Facing the Zulu Spears

March 29, 1994

Zulu defiance of the constitutional settlement threatens to tear South Africa apart. It is a monster that the white National Party government helped create by arming and training Zulu fighters to undermine the African National Congress and by creating such spurious homelands as KwaZulu, giving power and a stake in perpetuating apartheid to black leaders there.

Most of the homelands are succumbing to the fact of their own fiction, and the certainty of being taken into one South Africa after the April 26-28 election. But the strongest of the homeland leaders, Mangosuthu Buthelezi, prime minister of KwaZulu and head of South Africa's Inkatha Freedom Party, is doggedly holding out against the election.

Mr. Buthelezi and his nephew, the traditional King Goodwill Zwelethini, are playing to Zulu cultural nationalism, and to Inkatha party bossism in rural KwaZulu and black townships of surrounding Natal province. The ANC is campaigning where it can, appealing to younger and urbanized Zulus.

Zulu leaders keep their options open while the election in Natal will be between those who vote, mostly for Nelson Mandela's ANC, and those who don't, who will be counted for Inkatha. King and prime minister can participate in national life afterward if election turnout is high, but claim a low turnout as a mandate for Zulu autonomy.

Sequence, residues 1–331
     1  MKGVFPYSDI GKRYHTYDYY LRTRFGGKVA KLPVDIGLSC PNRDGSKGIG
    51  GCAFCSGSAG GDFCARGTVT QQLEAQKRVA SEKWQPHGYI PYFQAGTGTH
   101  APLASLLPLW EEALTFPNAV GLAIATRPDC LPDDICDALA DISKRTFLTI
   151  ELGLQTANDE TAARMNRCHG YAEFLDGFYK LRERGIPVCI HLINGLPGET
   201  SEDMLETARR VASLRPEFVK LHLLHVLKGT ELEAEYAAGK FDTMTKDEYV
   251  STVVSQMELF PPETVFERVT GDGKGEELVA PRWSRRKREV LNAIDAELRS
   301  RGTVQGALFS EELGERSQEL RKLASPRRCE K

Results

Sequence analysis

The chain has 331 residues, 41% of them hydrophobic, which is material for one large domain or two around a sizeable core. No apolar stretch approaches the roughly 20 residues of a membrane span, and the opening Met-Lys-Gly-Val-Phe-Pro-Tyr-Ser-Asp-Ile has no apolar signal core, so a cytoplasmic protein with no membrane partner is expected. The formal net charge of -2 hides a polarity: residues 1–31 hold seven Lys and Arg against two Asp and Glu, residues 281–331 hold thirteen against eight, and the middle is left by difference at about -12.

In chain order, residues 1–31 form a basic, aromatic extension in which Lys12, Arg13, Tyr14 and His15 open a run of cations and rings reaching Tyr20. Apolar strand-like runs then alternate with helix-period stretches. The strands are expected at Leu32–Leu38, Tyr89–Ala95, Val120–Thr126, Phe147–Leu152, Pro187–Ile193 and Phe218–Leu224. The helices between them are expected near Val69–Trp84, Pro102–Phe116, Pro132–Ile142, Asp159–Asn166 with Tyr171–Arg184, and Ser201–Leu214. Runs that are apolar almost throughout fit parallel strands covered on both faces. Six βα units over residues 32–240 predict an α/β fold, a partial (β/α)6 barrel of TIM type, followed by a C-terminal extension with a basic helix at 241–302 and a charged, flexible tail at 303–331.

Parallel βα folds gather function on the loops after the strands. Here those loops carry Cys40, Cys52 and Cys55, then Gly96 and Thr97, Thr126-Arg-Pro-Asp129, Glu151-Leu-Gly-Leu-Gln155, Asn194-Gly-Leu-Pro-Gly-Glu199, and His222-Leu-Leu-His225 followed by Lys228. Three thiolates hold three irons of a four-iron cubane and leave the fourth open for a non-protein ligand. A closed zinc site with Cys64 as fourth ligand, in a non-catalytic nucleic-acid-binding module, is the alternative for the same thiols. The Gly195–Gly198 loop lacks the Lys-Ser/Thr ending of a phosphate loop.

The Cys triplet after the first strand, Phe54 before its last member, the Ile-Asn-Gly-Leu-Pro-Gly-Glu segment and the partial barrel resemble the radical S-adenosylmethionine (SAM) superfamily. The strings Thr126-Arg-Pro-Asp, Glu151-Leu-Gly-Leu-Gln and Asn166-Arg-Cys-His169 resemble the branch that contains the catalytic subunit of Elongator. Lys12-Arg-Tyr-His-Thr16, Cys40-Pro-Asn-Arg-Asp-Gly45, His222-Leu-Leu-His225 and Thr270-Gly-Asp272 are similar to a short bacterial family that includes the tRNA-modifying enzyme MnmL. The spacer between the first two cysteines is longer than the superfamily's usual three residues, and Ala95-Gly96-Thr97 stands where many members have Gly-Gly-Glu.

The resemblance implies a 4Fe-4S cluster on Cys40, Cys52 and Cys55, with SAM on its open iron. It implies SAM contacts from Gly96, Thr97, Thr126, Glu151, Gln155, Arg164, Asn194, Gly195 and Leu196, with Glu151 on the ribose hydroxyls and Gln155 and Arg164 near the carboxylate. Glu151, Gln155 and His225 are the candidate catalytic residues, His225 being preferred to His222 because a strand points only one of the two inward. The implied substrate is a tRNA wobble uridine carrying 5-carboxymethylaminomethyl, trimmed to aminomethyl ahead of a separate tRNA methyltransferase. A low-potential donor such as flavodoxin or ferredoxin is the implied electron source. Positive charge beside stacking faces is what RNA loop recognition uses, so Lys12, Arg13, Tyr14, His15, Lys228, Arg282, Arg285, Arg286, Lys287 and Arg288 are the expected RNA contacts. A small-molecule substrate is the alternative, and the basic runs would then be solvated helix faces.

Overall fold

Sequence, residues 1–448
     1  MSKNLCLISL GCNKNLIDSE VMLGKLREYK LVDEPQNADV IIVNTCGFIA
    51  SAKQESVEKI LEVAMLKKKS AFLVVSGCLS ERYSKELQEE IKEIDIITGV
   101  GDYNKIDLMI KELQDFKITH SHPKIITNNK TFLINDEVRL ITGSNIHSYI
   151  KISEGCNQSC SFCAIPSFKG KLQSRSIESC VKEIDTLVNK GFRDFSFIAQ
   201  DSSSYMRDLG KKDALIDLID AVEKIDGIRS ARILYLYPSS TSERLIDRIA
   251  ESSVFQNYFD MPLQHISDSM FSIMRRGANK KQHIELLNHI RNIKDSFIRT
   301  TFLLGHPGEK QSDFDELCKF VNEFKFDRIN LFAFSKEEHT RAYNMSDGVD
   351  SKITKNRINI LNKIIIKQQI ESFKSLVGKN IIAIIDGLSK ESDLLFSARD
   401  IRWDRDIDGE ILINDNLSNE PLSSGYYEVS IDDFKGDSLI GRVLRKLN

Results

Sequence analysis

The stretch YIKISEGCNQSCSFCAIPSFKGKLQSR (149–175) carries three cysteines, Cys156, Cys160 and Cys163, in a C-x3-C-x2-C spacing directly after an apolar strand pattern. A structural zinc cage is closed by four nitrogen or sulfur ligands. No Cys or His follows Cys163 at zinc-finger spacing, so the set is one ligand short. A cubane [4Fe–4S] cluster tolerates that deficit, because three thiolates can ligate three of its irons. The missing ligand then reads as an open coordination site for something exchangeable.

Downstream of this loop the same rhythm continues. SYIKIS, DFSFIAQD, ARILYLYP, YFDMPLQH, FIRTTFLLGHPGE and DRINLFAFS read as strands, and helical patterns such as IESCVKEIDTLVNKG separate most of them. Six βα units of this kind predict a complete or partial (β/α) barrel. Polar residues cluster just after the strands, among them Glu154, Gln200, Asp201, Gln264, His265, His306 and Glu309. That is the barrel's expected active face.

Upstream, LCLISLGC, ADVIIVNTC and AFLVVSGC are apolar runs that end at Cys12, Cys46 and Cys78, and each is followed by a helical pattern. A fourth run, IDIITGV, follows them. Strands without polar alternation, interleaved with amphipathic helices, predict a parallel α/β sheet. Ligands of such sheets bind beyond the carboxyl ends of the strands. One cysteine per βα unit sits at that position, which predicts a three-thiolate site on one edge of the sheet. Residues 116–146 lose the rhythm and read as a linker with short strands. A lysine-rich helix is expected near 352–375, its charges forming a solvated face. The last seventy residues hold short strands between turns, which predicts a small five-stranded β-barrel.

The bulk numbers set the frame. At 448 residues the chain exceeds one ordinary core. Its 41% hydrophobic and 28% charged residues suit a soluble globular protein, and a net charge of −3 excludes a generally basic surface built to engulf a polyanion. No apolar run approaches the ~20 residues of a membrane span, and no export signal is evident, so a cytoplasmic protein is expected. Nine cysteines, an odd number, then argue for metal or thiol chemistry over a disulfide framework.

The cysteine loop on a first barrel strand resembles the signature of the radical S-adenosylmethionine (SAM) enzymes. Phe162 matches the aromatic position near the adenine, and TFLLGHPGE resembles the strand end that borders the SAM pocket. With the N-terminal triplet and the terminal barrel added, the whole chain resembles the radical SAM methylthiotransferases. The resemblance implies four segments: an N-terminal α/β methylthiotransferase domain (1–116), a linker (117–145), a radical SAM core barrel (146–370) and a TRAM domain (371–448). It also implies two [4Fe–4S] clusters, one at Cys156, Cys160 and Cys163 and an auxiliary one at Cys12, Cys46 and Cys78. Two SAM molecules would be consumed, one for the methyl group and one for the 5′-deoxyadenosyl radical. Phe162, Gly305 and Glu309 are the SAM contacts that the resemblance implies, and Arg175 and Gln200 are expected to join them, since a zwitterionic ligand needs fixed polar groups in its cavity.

Many ANC leaders demand the white South African government take over KwaZulu, to impose the election, as it did Ciskei and Bophuthatswana. Resistance would be higher in KwaZulu. The ANC made its point with a political march Friday in the Natal city of Durban, which is surrounded by KwaZulu. Demonstrators, estimated at from 50,000 to 100,000, mostly Zulus, demanded the right to vote.

The response was a protest against the election Monday by an estimated 10,000 spear-bearing Zulus in Johannesburg, an ANC stronghold. Snipers and ANC guards fired as the crowd converged on ANC headquarters. At last count some 31 people were slain and hundreds wounded. Inkatha claimed not to have organized the march, hiding behind Zulu royalists, who claimed they had.

South Africa's white president, F. W. de Klerk and his expected black successor, Mr. Mandela, have negotiated with Mr. Buthelezi, failing to budge him from intransigence. South Africa's army and police, having done so much to arm Inkatha against ANC, must now act against Inkatha in behalf of ANC, if South Africa is going to come peacefully through its first multi-racial election. Mr. de Klerk is the Dr. Frankenstein who must contain the monster his party made.

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